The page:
For Johnson's comments on his victory today, see this article from Eurosport. 

For the current list of Wimbledon wild cards, see the tournament website.

Another outstanding collegian, Oleksandr Nedovyesov, who played at Oklahoma State and finished 2009 atop the ITA rankings, has had some impressive results himself the past month.  In May, the 26-year-old from Ukraine reached the final of the $50,000 Challenger in Uzbekistan, and today he made his way into another Challenger final, this one the 64,000 Euro tournament in Prague. The seventh-seeded Nedovyesov, who is currently ranked 161, defeated No. 4 seed Ruben Ramirez Hidalgo of Spain in the semifinals 6-4, 6-4.  For more on Nedovyesov's win, see this onsite account from Tennis Alternative.

The finals of the two Pro Circuit events this week in the US feature two current collegians, with Florida's Brianna Morgan and Virginia's Mitchell Frank looking for their first titles on the professional circuit.  The unseeded Frank defeated No. 2 seed and last week's Futures champion Marcelo Arevalo of El Salvador 6-4, 7-6(5) to advance to his second Futures final, where he'll meet former Kentucky All-American Jesse Witten. Witten, who was off the circuit for nearly a year between August of 2011 and July of 2012, defeated Fernando Romboli of Brazil 6-4, 4-6, 6-0 in today's semifinals of the $10,000 Indian Harbour Beach Futures, to reach his first final since 2009.

Morgan, a wild card, defeated No. 2 seed Brooke Austin 6-3, 6-0 in the semifinals of the $10,000 Bethany Beach tournament to reach her first final in a Pro Circuit event. In Sunday's final, Morgan will play top seed Jessica Moore of Australia, who edged unseeded wild card Peggy Porter 6-1, 3-6, 7-5.   Porter did leave Delaware with a title however, as she and former Virginia star Lindsey Hardenbergh took the doubles championship with a 6-1, 6-4 decision over Denise Muresan and Jackie Wu.

In Futures outside the United States, recently crowned NCAA champion Blaz Rola of Ohio State has reached the finals of a $10,000 Futures in Mexico and 2011 French Open boys champion Bjorn Fratangelo has reached the finals of a $15,000 Futures in the Netherlands.

Friday, June 14, 2013

My Interview with USTA National Collegiate Coach Dustin Taylor; Steve Johnson Reaches Nottingham Final, with Possible Wimbledon Wild Card at Stake; Routliffe Signs with Alabama

My interview with Dustin Taylor, who has recently been named the USTA National Coach - Collegiate Tennis, is available now on the Tennis Recruiting Network.  Taylor and I spoke at length last month at the NCAAs, and while I learned about his background and previous coaching experiences, the focus was how this related to his dreams for the revamped USTA Collegiate Team.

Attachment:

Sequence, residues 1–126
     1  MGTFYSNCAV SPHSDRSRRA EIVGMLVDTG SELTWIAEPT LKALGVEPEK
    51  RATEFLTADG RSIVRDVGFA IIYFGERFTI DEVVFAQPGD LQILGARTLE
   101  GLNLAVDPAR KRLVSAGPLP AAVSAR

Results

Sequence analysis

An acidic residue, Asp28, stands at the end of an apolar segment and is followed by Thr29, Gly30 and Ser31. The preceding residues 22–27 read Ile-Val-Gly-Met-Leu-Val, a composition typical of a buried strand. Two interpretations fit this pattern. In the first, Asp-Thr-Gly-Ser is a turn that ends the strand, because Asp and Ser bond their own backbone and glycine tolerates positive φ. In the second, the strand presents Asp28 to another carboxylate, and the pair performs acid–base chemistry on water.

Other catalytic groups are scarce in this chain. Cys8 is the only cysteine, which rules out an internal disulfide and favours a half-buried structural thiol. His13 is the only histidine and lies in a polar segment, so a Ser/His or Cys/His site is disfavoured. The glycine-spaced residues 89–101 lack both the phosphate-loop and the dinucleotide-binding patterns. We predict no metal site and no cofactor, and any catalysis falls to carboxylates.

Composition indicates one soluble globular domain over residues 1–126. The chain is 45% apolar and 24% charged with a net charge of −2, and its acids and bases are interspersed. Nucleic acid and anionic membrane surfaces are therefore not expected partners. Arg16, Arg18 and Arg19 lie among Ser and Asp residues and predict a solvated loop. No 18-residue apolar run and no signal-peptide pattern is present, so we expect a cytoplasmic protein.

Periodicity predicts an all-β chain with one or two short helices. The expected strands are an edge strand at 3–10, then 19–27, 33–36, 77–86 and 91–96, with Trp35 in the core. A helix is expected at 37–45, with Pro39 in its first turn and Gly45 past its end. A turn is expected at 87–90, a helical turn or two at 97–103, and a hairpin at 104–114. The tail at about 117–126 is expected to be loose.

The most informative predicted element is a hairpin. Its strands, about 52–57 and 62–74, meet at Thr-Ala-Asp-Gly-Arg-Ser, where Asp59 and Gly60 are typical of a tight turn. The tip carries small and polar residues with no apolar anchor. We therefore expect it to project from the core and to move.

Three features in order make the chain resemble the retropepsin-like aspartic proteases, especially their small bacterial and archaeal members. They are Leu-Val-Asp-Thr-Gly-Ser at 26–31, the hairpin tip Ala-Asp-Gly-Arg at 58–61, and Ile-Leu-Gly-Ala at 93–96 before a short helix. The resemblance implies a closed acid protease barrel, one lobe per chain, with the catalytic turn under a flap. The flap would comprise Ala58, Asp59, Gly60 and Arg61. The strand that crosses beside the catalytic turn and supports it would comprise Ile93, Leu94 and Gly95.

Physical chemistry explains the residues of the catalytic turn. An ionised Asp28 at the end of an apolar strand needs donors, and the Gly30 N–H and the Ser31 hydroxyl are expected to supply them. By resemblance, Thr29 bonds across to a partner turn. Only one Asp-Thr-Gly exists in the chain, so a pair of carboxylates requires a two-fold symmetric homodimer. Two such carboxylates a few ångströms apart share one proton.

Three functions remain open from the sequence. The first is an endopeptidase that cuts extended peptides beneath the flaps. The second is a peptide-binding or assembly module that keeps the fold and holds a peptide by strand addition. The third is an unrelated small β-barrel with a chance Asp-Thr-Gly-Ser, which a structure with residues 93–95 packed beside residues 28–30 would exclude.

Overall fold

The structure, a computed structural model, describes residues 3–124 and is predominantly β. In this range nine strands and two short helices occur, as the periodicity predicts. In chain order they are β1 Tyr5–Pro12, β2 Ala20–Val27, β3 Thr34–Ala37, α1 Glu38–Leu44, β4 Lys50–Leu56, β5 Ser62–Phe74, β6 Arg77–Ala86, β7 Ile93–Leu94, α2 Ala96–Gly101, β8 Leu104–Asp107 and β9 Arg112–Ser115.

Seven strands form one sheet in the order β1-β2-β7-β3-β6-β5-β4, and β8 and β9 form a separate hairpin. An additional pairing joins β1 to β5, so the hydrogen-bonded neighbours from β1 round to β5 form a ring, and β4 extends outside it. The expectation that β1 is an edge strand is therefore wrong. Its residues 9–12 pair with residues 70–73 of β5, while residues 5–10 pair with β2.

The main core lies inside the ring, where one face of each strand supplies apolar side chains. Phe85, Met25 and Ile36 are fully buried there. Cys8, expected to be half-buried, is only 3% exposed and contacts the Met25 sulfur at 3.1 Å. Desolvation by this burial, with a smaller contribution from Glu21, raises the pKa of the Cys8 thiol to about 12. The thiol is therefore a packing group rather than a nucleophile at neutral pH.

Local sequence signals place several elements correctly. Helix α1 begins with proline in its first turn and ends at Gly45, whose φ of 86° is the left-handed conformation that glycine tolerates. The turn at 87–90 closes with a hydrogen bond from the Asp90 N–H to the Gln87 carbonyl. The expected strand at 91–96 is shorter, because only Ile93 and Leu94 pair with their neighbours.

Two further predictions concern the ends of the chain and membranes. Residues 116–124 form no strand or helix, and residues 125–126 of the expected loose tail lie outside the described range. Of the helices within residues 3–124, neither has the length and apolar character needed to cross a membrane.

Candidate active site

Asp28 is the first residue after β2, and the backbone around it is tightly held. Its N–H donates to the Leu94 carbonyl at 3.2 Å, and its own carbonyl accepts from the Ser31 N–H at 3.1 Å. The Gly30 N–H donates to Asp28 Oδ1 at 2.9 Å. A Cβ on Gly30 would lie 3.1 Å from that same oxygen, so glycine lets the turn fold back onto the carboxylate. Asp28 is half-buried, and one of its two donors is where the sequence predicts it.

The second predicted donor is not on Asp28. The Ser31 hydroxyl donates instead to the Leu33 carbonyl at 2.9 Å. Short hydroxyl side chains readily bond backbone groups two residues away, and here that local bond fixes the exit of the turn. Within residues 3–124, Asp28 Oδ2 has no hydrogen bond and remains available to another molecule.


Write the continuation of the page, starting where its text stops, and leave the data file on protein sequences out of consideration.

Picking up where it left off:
The goal of creating a team that has the prestige of being named an All-American is not a modest aim. But if it can become a significant part of the structure of the USTA's collegiate pathway, the benefits will go beyond any individual accolade.  I know from talking with Taylor that he is committed to college tennis, and his new position provides more evidence that the USTA is too.  Let's hope Taylor can grow his area so that college tennis is a significant presence in the Player Development structure.

Steve Johnson, one of the recent college players Taylor mentions in the interview, has reached the final of the Nottingham II Challenger, defeating another two-time NCAA champion, Somdev Devvarman of India, 6-3, 6-4 in today's rain-delayed semifinal.  Johnson will meet unseeded Ruben Bemelmans of Belgium in Saturday's final, and as Steve at Shank Tennis pointed out on twitter, a Wimbledon main draw wild card may be on the line. Although there is no formal arrangement, last year Wimbledon awarded Nottingham II winner Grega Zemlja of Slovenia a main draw wild card, and both Johnson and Bemelmans are preparing to play Wimbledon qualifying beginning Monday, just as Zemlja would have done had he not received the wild card last year.  This is Johnson's second Challenger final--he won the Aptos Challenger last August, and, coincidentally, that win earned him a wild card into the US Open.


The University of Alabama women announced signings for the fall, and Canada's Erin Routliffe, one of the most sought-after recruits who wasn't signed in November, is among them.  Routliffe, who won the 16s singles and doubles titles at the 2011 Orange Bowl, has been ranked as high as 17 in the ITF juniors.  In addition to Routliffe, Alabama has signed Carmen Blanco and Luicelena Perez of Venezuela and Danielle Spielmann of Switzerland. The Northwestern women added Brooke Rischbieth of Australia to their already strong recruiting class, and Southern Cal confirmed the transfer of Brynn Boren from Tennessee.